I don’t remember this ever being such an issue before and am still trying to work out whether our diametrically opposing views have become more extreme over the years, or it’s just because the country itself is going to take a long time to heal after years of very divisive elections and referenda. Will have to get back to you on that one but I have a feeling a fair few family get-togethers this festive season will similarly be in jeopardy.

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We were lucky in that the day we picked for our drive was a good one with clear skies and no rain. We passed lots of familiar landmarks and although you don’t actually pass through them any more, we skirted the edge of the village where I grew up, and the town where I went to secondary school. I was reminded of the happy times spent there (yes I was one of the lucky ones) and of the many friends made over the years.

Like most of us I had a favourite teacher and my one happened to teach Latin. She had finished her training the year we moved up to the academy, so was still only 22 when she was entrusted with filling our 12-year-old brains with the language of the Romans. Can’t say I ever used my Latin much and have forgotten most of it, but something I will never forget is the opening page of Ecce Romani Textbook 1. These books told stories of a family who lived in a fine villa with an atrium (a new word to us back then but a fairly commonplace feature now in hotels and office blocks). There was the father Gaius Cornelius, the mother Aurelia and their four children, but also living with them was the tutor Euclydes and not surprisingly, it being ancient Rome an’ all, Davus the slavus. If I remember correctly the opening chapter read as follows:

Ecce, in pictura est puella. Puella est Cornelia. Cornelia est puella parva, sed etium in pictura est puella magna. Puella magna est Flavia…. and so it went on teaching us the words for “look” (ecce), “girl” (puella), “small” (parva), “big” (magna), “but also” (sed etium), et cetera (not et cetera yet actually, but you know what I mean).

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But this of course is a music blog so how the heck do I get from the Ecce Romani Latin textbooks to a festive song pick. Well as luck would have it in 1973, our second year of being taught Latin by the lovely Miss Fraser (whose platform shoes, midi skirts and tank tops were the envy of all the girls in the class), the British folk rock group Steeleye Span had a chart hit with Gaudete, a sacred Christmas carol with lyrics in Latin. The Ecce Romani books were cast aside for a whole lesson whilst we grappled with the task of translating the song into English.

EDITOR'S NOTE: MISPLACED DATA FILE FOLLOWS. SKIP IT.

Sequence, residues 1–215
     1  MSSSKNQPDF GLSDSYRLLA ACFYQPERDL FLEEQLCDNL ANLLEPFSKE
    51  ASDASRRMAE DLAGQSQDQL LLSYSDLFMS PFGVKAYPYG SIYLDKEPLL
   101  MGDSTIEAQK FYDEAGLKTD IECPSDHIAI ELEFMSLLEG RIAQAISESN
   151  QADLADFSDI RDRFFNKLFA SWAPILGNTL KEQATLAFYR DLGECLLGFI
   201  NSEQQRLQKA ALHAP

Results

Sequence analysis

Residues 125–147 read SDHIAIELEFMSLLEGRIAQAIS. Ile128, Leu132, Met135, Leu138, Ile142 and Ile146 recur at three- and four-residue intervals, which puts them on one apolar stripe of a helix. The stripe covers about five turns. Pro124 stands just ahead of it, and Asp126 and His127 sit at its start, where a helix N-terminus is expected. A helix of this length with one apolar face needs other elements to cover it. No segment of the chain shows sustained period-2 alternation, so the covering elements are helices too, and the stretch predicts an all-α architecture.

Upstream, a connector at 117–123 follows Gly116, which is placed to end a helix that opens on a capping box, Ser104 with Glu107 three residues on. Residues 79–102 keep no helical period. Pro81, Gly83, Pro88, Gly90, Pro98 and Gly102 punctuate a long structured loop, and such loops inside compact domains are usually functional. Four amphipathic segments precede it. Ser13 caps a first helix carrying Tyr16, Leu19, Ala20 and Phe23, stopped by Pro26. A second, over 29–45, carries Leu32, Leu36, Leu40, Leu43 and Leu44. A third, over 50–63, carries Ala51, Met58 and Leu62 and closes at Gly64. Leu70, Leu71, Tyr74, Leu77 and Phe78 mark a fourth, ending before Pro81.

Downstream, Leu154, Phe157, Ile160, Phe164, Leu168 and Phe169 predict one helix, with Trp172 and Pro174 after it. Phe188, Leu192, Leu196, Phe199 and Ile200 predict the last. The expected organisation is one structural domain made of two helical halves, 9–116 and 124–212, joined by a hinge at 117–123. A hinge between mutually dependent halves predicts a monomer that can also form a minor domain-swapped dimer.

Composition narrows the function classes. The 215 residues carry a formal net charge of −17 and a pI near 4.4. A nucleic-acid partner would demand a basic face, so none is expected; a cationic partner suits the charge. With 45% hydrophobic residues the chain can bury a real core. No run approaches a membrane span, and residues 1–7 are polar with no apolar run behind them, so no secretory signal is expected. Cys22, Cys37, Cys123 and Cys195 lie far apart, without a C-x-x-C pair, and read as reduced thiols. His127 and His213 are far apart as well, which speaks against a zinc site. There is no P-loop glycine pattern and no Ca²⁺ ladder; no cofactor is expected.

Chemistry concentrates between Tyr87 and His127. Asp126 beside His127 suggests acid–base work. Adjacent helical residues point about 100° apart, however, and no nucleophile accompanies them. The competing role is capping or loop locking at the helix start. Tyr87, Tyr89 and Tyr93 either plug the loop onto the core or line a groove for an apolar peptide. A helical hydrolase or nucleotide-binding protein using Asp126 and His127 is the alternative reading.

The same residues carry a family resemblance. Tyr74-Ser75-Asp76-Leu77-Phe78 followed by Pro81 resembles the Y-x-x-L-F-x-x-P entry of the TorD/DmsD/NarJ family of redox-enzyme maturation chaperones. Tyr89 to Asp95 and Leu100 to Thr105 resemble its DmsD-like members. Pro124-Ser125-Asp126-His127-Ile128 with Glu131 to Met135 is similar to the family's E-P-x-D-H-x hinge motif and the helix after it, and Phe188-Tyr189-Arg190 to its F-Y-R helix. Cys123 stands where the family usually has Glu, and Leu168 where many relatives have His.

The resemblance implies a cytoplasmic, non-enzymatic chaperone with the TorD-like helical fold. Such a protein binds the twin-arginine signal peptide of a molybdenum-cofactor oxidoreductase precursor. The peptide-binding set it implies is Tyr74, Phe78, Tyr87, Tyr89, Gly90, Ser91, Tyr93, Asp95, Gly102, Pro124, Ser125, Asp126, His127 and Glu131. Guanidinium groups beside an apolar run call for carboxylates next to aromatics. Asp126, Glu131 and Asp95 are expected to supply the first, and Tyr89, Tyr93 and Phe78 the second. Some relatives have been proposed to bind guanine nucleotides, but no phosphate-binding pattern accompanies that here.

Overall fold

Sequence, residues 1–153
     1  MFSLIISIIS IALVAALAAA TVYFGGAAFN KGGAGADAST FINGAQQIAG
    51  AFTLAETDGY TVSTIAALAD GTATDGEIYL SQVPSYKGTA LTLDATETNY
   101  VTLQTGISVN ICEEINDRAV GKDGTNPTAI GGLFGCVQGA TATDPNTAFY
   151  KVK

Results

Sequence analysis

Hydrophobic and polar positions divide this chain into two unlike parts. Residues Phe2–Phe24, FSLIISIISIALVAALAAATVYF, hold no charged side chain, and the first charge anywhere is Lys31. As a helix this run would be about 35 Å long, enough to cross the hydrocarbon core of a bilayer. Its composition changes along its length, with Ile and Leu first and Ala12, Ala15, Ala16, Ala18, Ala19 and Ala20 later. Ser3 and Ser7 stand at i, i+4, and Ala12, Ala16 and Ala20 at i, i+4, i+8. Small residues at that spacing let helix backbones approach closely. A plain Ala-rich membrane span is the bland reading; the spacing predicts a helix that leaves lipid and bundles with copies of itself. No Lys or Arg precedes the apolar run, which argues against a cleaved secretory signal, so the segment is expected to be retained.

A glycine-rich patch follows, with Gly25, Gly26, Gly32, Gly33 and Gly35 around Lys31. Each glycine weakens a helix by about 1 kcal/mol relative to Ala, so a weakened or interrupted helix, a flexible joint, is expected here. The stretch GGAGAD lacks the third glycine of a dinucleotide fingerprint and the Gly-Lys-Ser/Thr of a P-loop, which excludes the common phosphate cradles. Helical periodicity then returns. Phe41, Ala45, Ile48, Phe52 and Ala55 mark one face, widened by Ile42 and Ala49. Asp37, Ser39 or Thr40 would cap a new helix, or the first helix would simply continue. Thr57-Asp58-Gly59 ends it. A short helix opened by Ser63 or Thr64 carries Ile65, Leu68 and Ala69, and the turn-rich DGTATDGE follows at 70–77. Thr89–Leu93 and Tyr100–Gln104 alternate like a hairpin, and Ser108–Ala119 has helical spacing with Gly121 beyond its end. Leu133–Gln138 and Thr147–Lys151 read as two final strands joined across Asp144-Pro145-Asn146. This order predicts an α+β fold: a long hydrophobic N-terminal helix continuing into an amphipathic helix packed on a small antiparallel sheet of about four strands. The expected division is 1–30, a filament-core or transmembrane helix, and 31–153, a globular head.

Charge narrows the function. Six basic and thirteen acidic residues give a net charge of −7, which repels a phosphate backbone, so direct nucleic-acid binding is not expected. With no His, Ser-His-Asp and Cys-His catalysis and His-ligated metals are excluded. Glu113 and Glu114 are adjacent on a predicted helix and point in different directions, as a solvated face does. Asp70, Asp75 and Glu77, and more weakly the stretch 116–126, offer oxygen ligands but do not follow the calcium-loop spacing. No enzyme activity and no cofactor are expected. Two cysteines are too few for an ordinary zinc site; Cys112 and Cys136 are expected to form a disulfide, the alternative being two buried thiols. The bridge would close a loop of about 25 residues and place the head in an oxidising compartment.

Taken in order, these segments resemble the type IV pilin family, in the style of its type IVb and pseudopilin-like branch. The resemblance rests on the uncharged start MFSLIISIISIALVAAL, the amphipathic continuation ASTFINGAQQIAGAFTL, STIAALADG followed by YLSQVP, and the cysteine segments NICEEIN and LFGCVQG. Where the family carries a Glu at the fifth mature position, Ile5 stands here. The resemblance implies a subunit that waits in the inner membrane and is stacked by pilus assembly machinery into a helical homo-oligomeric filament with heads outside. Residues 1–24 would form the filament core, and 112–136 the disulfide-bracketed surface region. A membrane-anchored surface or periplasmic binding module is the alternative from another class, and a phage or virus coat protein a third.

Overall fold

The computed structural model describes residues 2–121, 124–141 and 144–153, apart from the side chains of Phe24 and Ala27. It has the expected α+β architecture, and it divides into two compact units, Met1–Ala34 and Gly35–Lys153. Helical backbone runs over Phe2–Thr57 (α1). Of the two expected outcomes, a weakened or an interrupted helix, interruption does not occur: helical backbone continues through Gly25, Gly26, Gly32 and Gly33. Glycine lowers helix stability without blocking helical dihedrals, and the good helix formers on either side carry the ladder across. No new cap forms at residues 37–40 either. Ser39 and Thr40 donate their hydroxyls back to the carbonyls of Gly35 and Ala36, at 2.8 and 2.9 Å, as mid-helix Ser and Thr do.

As I don’t have any Steeleye Span in my digital database, I am going to have to add another festive offering. Gaudete is one of only three top 50 British hits to be sung in Latin, but in 1975 Mike Oldfield had a top 10 hit with In Dulci Jubilo. This time the Latin song was performed purely as an instrumental and it licks along at a fair old pace making me feel quite Christmassy (at last).

I could have shared a boring old clip featuring pictures of Mike Oldfield, but no, as it’s Christmas I will add a clip showcasing the talents of Pans People, the Top Of The Pops in-house dance troupe, whose very literal routines delighted the viewing public every Thursday between 1970 and 1976. In this routine they are wearing diaphanous white garments as opposed to the skimpy bikinis they were often probably forced into wearing. A jaunty festive frolic this time with a blinking great Christmas tree getting in the way for much of it – Enjoy.

In Dulci Jubilo by Mike Oldfield:

Not sure if I’ll return with anything else before the big day so time to wish everyone a Merry Christmas from all of us here at WIAA. A bit thin on the ground this year what with DD having moved to the other end of the country and my little mum in the care home, but that’s just how life works, always change. Luckily for us DD is due to arrive home with her boyfriend on Christmas Eve so looking forward to that very much. With any luck some of their friends will turn up for a visit and it will be like old times again, old times I’ve missed very much of late.

Have a good one. Until next time….

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Gaudete Lyrics
(Medieval song of praise)

Gaudete, gaudete, Christus est natus
Ex Maria virgine, gaudete
Gaudete, gaudete, Christus est natus
Ex Maria virgine, gaudete

Tempus adest gratiae, hoc quod optabamus
Carmina laetitiae devote redamus

Gaudete, gaudete, Christus est natus
Ex Maria virgine, gaudete
Gaudete, gaudete, Christus est natus
Ex Maria virgine, gaudete

Deus homo factus est natura mirante
Mundus renovatus est a Christo regnante